For Cylindrical, have a look at the ReplayXD cameras.

Link | Posted on Mar 6, 2015 at 00:30 UTC
On article Up close: The beauty of butterfly wings (47 comments in total)

Here is another gallery of microscopic imaging. Focus stacking, all sorts of technology, and much it was done years ago.
http://www.hart3d.com/pages/gallery-content/index.html

Link | Posted on Apr 3, 2014 at 15:29 UTC as 15th comment
On article A look inside Sigma's lens factory (89 comments in total)

Very classy! I so wish media would get out of the habit of blasting stuff into our faces and ears. This was beautiful, and inspires me to pay more attention to Sigma offerings.

Link | Posted on Feb 15, 2014 at 16:01 UTC as 32nd comment
On article Tamrac launches rugged-looking photo messenger bags (106 comments in total)

I'm amazed how few haters are checking in about a bag review.

Link | Posted on Feb 4, 2014 at 15:46 UTC as 28th comment
On article Sony a7R teardown! Roger Cicala gets his hands dirty (135 comments in total)

Ahhh, reminds me of the days I spend modifying Nikon 990s, and then D70s. Multiple wires to desolder/resolder, assemblies shoved into nooks and crannies. Good times. The new Sony looks positively civilized!

Clearly this design took a lot of work to make look simple. This was no slap dash effort to make a camera to tiptoe into a new corner of the market. They appear to be serious about making these cameras.

This is a different spin on reviewing a camera, and I like it! Thanks for the article.

Link | Posted on Jan 30, 2014 at 17:25 UTC as 33rd comment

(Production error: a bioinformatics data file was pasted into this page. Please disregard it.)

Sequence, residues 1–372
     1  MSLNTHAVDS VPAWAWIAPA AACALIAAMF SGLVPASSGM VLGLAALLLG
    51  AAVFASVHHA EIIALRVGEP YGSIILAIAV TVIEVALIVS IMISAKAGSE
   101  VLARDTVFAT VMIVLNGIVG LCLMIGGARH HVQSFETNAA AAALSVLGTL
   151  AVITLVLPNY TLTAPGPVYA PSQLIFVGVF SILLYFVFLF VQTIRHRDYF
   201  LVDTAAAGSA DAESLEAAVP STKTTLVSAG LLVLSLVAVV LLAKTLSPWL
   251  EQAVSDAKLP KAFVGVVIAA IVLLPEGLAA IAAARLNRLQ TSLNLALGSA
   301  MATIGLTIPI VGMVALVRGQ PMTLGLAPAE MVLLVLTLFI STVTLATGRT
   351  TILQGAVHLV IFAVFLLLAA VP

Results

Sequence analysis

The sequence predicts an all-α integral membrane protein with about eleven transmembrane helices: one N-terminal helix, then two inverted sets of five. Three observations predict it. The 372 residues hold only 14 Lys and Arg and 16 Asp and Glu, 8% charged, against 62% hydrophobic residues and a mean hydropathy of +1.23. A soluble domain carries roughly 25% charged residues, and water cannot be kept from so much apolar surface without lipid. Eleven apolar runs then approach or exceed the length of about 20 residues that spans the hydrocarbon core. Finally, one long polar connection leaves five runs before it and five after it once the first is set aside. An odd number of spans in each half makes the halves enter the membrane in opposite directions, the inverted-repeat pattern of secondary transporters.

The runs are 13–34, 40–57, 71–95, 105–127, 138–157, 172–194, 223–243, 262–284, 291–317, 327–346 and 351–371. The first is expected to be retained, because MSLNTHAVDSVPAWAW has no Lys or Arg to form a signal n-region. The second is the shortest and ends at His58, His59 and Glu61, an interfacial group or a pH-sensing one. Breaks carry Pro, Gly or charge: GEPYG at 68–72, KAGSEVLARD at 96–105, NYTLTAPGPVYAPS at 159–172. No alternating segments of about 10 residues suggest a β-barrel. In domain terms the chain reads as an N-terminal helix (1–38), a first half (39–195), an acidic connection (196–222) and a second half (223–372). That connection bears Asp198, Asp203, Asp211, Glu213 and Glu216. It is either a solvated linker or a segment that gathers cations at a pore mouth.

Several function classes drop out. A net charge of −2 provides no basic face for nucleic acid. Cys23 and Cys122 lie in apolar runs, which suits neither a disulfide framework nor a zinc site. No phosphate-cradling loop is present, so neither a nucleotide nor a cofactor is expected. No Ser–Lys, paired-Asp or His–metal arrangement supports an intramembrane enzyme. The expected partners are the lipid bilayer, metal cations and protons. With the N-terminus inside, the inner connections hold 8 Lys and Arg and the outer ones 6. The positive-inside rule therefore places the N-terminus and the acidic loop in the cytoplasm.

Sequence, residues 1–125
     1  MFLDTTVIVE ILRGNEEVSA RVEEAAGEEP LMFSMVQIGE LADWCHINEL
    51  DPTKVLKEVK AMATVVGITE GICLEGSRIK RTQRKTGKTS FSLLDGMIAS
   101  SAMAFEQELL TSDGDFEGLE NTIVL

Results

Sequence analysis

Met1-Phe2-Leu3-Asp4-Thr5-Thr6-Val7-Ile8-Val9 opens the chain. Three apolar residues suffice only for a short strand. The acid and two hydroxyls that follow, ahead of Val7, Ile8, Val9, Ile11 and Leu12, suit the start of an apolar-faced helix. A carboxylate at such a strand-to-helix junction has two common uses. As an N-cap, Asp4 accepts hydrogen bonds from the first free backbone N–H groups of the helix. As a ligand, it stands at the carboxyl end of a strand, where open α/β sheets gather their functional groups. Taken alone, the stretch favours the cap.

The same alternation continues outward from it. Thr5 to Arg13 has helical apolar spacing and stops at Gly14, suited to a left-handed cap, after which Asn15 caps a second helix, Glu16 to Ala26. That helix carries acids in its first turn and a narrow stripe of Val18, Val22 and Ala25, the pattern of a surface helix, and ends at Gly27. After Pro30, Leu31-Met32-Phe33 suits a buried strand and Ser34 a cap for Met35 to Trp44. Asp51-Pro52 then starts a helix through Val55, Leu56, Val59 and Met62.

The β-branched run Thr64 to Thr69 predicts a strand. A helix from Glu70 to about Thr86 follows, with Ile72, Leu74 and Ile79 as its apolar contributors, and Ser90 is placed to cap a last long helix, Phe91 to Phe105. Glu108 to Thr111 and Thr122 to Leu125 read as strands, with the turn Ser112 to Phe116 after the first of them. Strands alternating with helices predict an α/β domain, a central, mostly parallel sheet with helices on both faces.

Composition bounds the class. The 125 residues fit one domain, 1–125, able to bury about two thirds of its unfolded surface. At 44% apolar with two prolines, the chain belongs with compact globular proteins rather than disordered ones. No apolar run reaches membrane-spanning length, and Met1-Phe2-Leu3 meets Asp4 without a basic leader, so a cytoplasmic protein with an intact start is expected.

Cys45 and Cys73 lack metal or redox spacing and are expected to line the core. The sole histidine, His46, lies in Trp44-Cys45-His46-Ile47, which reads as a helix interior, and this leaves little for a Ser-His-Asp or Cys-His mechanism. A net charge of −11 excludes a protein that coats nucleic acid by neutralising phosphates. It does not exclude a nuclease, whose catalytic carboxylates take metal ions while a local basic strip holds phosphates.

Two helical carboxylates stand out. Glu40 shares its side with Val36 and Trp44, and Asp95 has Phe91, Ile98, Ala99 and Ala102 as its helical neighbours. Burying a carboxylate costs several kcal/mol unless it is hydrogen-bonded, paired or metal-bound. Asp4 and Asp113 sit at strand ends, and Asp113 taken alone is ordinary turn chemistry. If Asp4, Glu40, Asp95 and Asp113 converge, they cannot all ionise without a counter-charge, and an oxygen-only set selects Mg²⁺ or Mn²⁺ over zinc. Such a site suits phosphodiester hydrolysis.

On article Sony a7R teardown! Roger Cicala gets his hands dirty (135 comments in total)
In reply to:

ZorSy: In D7K teardown Cicala said: "I’m pretty comfortable saying there’s at least as much profit in the $700 mirrorless as in the $1200 SLR, probably more". Looking at this one (and having a7R pricing in mind), just tinkering how difficult it is to justify the price tag put on some new mirrorless cameras. Apart from the sensor and the shutter, not much more is left.... On the second thought, I may not be the only one expecting something substantial and 'more complicated' for the money, thus growing skepticism if this is supposed to last or will get discarded/abandoned by manufacturer like 2 years old smartphone...As a conclusion (apart from being nice shiny new thing that works nicely), if it is really that simpler to make (and maintain, adjust, calibrate etc) than the traditional DSLR, why does it bear the DSLR counterpart price? Oh, I think I know - because THEY can....

Factor in the number of cameras they will actually sell, then divide that into the amount of money they spend in engineering to come up with such a clean design! I'm an engineer/company owner myself, and can only imagine the cost of development! I'm generally shocked we can buy equipment as cheaply as we can.

Link | Posted on Jan 30, 2014 at 17:17 UTC

What a great report... I was delighted to see it written with a human perspective, not just technical.

Link | Posted on Sep 20, 2013 at 19:51 UTC as 44th comment | 1 reply

For those needing a better form factor... check out the Replay 1080XD. Personally I think the GoPro is the oddest form factor imaginable...

Link | Posted on Aug 21, 2013 at 16:48 UTC as 15th comment | 1 reply

The big limitation I've had with these sort of cameras has been low light performance, and image quality... both strongly impacted by the sensor size, and the lens. Interested to see if improvements have been made in these areas by Garmin.

Link | Posted on Aug 20, 2013 at 20:50 UTC as 23rd comment

Sure, you can do art with crayons too.... does that mean it's to be considered in the same category as oil painting?

Link | Posted on Nov 16, 2012 at 19:44 UTC as 35th comment | 2 replies

Has anyone been ASKING for a middle ground, or is this just a push for another proprietary standard that Adobe can license?

Link | Posted on Oct 5, 2012 at 21:04 UTC as 43rd comment | 8 replies